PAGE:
Every now and then I stop and think to myself, "How in the heckfire did I do my job -- make that my jobs, plural -- before there was email and the World Wide Web?
Let me give you an example of what I'm talking about, while sending a shout out to Michael Paulson and the Boston Globe, who kept looking for the faith content in the Eunice Kennedy Shriver story after the opening blitz of all-to-standard obituaries. Click here for my earlier take on that sad situation.
Anyway, Paulson posted a major chunk of a very thoughtful online reflection by Cardinal Sean P. O'Malley of Boston about the life, faith and work of Shriver, which connected the dots between her pro-life Catholic convictions, her older sister Rosemary and her social activism on behalf of the mentally and physically challenged (and Cesar Chavez, while we're at it). Here is a piece of that:
That work with the farm workers was just one more indication of the profound commitment of Eunice and Sargent Shriver to the social doctrine of the Church. She was preeminently prolife, against abortion and there to protect and underscore the dignity of every person. This, of course, manifested itself in her love for children with disabilities. ...
Her sister, Rosemary, who was mentally retarded, opened up a whole reality that led Eunice to be such a pioneer and allowed her to make such a mark on history with the Special Olympics. It has been my experience that when a family has a child with a mental disability or Down Syndrome, the siblings often learn more about compassion and understanding than they would have if they did (not) have that exceptional child. ...
While Eunice's works were remarkable, I don't want to lose sight of the fact that her Catholic faith and education was a very important part of what motivated her and helped her to interpret reality, particularly the reality of disability and retardation. ... It was certainly the soil out of which grew her passion and dedication to the less fortunate and those who are challenged by disabilities and mental retardation.
Over the past week or so, I had been searching for material of this kind about Shriver, in large part because I wanted to write a Scripps Howard News Service column on this subject. I shipped that column to the copy desk this morning and, because of Paulson's weblog post, I ran into this public statement by Cardinal O'Malley.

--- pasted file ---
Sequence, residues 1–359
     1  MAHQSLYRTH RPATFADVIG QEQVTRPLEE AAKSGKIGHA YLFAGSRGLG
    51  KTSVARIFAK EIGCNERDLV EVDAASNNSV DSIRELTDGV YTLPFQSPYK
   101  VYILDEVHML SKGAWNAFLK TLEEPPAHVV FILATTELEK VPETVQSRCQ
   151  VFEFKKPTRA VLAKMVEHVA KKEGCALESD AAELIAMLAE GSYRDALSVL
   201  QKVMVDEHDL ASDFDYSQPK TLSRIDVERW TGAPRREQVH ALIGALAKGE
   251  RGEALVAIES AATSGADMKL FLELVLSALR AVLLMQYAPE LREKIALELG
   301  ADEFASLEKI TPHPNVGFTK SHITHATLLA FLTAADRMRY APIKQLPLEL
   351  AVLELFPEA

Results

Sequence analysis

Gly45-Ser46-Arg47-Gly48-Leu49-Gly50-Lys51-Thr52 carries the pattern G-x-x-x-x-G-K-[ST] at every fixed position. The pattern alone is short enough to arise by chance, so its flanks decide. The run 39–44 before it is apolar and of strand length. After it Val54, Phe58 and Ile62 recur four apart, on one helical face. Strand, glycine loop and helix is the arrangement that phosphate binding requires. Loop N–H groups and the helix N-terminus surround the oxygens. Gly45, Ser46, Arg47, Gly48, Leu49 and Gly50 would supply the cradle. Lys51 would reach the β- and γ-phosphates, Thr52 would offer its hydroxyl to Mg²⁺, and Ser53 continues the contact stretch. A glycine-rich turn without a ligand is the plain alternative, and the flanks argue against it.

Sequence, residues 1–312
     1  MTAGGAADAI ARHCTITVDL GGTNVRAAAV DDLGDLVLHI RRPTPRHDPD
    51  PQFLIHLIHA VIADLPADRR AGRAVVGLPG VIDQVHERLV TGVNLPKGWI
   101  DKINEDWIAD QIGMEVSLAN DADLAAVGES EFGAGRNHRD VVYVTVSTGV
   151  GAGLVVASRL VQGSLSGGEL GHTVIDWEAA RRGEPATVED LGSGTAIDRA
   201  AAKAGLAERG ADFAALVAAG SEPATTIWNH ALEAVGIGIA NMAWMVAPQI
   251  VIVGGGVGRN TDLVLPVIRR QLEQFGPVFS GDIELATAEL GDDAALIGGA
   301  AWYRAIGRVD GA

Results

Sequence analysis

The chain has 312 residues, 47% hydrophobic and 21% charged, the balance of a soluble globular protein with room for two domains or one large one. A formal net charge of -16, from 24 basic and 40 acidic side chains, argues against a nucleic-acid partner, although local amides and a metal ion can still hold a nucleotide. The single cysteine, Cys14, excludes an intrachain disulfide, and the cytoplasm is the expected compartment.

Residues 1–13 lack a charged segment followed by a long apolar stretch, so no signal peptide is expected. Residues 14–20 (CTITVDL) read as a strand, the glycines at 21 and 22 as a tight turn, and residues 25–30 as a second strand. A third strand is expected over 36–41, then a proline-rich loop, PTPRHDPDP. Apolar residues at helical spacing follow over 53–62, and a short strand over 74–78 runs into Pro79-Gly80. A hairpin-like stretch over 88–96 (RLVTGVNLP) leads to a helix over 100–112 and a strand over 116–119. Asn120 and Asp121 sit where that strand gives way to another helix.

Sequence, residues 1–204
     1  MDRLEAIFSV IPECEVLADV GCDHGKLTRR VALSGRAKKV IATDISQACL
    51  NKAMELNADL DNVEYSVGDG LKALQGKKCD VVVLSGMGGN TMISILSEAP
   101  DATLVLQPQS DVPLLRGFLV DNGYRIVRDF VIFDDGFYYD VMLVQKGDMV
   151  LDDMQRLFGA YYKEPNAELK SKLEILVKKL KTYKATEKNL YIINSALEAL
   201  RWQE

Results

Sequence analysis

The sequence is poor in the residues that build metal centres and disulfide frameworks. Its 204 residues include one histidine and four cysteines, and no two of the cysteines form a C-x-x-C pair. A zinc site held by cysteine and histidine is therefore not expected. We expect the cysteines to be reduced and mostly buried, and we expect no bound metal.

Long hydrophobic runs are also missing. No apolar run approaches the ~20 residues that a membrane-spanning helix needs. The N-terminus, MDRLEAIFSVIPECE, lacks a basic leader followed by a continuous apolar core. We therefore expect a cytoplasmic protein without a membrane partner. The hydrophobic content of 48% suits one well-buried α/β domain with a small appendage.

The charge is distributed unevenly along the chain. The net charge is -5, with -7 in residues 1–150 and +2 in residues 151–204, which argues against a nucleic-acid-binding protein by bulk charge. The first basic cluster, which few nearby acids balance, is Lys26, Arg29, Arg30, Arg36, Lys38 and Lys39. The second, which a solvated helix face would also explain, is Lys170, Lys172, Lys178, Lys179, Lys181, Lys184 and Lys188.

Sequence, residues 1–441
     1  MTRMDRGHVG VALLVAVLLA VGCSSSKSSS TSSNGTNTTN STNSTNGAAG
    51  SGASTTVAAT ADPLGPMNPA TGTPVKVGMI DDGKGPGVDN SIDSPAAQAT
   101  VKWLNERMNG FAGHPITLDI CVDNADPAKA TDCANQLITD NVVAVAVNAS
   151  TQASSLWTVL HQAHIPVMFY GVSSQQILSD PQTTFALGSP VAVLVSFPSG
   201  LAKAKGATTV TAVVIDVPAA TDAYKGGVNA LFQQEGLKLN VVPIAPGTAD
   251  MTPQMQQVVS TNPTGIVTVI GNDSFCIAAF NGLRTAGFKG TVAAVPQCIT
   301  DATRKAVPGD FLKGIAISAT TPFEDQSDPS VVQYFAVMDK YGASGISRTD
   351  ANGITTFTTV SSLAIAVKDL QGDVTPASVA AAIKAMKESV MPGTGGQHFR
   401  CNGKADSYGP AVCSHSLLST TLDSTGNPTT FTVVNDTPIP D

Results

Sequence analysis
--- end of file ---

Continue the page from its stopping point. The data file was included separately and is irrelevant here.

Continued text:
Now stop and think about this for a moment.
I am pretty sure that the cardinal in Boston would have returned a telephone call if a veteran Boston Globe reporter -- on deadline -- called after a major funeral of this kind in need of a quick interview. At least, I think the cardinal's press staff would make that happen if we were talking about a church member who was free of scandal.
The big local paper gets that call. There is also a chance that the New York Times would get a return call. Maybe.
But do you think that the religion-beat columnist from Scripps Howard is going to get that interview with this prince of the church about a major political, cultural and religious leader? The odds would be slim and none, unless I had a big church contact (perhaps another bishop) who would be willing to go to bat for me.
However, the material uploaded to the cardinal's blog was a click or two away.
Yes, I know that this is a church PR officer's dream -- good quotes, with no dangerous follow-up questions (perhaps about the faith status of other members of the Kennedy family, broadly defined). Of course I would prefer to do interviews myself. But this is one case in which the cardinal was able to say what he wanted to say and those insights covered the main question of the day.
In the digital age, reporters are having to work fast and, frankly, I think access to online verbatim interviews, recordings of speeches, transcripts of panel discussions and weblog items are wonderful resources for background research and, from time to time, as source materials. I know that, with a Capitol Hill day job and no wire-service travel funds, I could not cover half of the speeches and forums that I cover without these kinds of digital materials.
So, thank you to Paulson for his post. And I would urge the press aides to other major religious leaders to consider posting more verbatim speeches, interviews, articles, essays, panel discussions, sermon texts, etc. The more information available on deadline, the better.